by Dr. Richard Milne, University of Edinburgh.
In this beautifully illustrated book, Richard Milne shows the many ways that rhododendrons have influenced human societies. Over one thousand species exist in the Genus Rhododendron, ranging from rugged trees on Himalayan slopes to rock-hugging alpines, and delicate plants perched on trees in rainforests.
Chapter 1 explores the promiscuous behavior of rhododendrons since each of the 1000 species can cross with many of the other rhododendron species. The rhododendron's propensity towards sexual infidelity makes it very popular in horticultural breeding programs. However, there are limits on which species can cross with which other species. Hybridizers face the challenge of choosing the most promising viable crosses. In the wild, evolution combined with natural hybridization has enabled the genus to adapt and migrate over millions of years.
Chapter 2 follows the constantly changing classification of rhododendrons and azaleas. Recent results of DNA studies enable us to follow the path that rhododendrons followed in the millions of years they have evolved. In fact, the evolution of rhododendrons has assisted scientists in following the drifting of the continents. Although the natural range of rhododendrons is currently confined to the northern hemisphere, rhododendrons were on continents before the continents drifted into the northern hemisphere. Equally interesting is the beauty and variety of hybrids developed in nurseries after the hybridization of rhododendrons and azaleas became common place.
Chapter 3 shows how early merchants delighted in bringing back exotic plants. This led to merchants bringing botanists to find and care for these treasures. Eventually botanists, merchants, missionaries and other early explorers became plant collectors, trying to satisfy the tastes of sponsors who were eager to obtain new and novel plants, especially rhododendrons. The many species introduced by plant explorers further fueled the efforts of nurseries to combine the best qualities of various species through hybridization. Rhododendrons were initially very expensive, but soon became widely available.
Chapter 4 demonstrates how the beauty of the approximately 250 species of tropical rhododendrons, the Vireyas, led to an intense interest in greenhouse rhododendrons. Spice merchants brought back Vireya rhododendrons that caught the interest of nurseries. With the development of the Wardian Case, a type of terrarium, merchants and botanists could bring back live plants. Work hybridizing the Vireyas produced many compact plants with vivid colors. Since Vireyas grow in the tops of trees in jungle regions, they are still being found in the Malay Archipelago.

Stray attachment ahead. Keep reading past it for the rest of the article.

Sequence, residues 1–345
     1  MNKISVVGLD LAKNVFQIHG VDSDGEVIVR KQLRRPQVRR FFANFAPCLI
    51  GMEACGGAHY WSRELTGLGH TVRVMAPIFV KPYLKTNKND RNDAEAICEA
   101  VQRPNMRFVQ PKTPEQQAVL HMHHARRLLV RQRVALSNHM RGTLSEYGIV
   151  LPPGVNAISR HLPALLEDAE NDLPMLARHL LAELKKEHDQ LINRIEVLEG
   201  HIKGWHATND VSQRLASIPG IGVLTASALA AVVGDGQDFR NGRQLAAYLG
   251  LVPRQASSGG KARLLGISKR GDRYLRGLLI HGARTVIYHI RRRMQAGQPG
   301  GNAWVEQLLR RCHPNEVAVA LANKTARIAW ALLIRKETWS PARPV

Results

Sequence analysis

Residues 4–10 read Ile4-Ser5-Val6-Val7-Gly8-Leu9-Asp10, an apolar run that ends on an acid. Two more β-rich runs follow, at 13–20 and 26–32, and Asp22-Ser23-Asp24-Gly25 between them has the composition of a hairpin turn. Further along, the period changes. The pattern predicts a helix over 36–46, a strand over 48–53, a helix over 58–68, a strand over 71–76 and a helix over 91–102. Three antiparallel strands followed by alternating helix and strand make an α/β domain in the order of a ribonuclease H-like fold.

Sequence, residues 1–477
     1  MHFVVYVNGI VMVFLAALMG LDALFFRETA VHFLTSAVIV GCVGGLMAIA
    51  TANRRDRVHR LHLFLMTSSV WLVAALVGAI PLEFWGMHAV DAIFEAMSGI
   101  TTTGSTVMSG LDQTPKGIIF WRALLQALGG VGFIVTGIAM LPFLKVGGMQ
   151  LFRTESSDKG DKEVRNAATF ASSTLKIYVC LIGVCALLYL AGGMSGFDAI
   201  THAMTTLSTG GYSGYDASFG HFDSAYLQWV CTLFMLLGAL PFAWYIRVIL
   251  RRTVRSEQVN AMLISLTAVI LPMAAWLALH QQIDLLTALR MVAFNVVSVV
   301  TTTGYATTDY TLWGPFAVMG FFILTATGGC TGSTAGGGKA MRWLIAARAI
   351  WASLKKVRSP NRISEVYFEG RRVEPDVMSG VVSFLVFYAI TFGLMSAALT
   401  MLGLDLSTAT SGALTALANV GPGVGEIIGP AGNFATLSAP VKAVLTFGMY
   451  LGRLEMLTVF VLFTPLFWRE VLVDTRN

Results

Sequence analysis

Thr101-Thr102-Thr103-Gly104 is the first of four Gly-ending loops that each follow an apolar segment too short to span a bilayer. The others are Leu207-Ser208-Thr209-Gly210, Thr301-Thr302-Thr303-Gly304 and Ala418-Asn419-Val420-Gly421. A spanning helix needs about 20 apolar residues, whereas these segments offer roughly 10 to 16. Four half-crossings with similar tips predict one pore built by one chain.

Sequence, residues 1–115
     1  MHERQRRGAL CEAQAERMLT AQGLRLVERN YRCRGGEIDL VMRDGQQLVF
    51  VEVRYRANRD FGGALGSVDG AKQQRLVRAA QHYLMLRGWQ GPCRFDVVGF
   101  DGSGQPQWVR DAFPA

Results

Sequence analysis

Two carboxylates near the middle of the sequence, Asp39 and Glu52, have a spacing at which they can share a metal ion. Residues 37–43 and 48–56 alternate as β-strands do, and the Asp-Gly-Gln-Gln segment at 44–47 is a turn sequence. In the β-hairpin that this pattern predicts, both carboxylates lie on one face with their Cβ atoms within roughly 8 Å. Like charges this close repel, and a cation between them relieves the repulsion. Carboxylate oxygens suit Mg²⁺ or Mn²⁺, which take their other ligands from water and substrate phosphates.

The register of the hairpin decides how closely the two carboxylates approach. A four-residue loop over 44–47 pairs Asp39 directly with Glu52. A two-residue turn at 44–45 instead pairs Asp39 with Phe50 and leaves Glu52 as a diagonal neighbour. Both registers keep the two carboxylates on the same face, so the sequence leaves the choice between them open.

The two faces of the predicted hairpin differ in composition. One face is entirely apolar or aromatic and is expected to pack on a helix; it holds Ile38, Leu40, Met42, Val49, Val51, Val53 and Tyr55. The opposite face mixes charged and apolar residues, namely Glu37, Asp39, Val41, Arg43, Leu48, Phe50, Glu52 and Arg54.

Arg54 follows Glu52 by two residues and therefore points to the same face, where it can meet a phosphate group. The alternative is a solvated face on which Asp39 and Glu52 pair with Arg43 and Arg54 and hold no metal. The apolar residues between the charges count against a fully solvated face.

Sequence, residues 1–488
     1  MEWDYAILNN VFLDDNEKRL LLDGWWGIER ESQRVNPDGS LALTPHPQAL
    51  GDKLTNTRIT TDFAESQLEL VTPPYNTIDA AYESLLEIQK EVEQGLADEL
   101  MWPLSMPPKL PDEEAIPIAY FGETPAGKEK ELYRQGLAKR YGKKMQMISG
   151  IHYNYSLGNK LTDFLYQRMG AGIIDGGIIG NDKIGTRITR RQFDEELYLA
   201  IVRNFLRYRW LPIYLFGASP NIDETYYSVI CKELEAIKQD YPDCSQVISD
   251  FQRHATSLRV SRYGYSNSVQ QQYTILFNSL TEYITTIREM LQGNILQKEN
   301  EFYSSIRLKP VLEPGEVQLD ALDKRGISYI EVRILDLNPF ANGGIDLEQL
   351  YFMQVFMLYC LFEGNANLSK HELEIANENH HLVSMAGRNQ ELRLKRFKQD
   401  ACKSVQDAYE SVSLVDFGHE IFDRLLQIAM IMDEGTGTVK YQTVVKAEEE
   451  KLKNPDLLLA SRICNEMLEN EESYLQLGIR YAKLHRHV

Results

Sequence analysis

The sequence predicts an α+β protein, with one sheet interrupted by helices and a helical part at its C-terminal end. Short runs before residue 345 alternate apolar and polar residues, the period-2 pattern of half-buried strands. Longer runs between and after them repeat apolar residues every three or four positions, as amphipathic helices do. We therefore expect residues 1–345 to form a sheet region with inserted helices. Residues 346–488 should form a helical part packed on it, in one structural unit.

Chapter 5 investigates how rhododendrons were known and appreciated in China for centuries. After China opened up its borders to traders in the mid-18th century, explorers, missionaries and merchants arrived in China. They were constantly discovering new species of rhododendrons. Plant collectors became intent on bringing back seed for their sponsors in Europe and North America. Not only have explorers brought back seed, they have found fossil records which add a time-line to the evolution of rhododendrons. Scientists have matched fossil evidence with DNA studies to follow the evolution and migration of rhododendrons over millions of years. Rhododendrons were in central Europe, China, and eastern North America before the Himalaya Mountains were formed. R. camtschaticum, which is found in Alaska, was one of the first species to split off. When Mao took power, foreign exploration stopped. Alertly, botanists in the West made connections with Chinese botanists. This has led to more Chinese botanists being interested in the study of rhododendrons. This eventually led to joint plant exploration by Western and Chinese botanists that continues today.